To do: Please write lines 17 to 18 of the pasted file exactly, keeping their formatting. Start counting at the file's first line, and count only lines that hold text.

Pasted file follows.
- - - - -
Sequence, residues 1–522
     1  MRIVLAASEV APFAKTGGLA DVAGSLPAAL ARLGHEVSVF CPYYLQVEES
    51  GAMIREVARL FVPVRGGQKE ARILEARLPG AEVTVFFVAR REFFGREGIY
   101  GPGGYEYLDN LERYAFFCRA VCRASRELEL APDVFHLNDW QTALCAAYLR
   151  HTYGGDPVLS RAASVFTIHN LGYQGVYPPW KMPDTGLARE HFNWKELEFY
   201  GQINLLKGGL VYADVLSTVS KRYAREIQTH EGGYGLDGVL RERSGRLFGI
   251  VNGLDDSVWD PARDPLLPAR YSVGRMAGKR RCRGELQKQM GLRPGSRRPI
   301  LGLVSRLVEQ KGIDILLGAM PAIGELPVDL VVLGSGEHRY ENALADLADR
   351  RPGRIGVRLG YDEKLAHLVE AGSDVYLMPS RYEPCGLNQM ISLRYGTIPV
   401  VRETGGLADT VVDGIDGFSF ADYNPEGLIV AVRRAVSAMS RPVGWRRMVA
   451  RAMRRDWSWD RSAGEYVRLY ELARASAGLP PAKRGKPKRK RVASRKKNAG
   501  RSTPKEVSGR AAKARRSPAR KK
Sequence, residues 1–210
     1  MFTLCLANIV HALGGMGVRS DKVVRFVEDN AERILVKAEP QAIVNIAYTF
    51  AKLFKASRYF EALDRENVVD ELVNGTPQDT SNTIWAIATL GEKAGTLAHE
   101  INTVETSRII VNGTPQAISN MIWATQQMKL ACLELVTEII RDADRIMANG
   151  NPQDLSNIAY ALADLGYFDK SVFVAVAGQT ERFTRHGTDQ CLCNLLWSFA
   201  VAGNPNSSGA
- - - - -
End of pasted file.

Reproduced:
   151  NPQDLSNIAY ALADLGYFDK SVFVAVAGQT ERFTRHGTDQ CLCNLLWSFA
   201  VAGNPNSSGA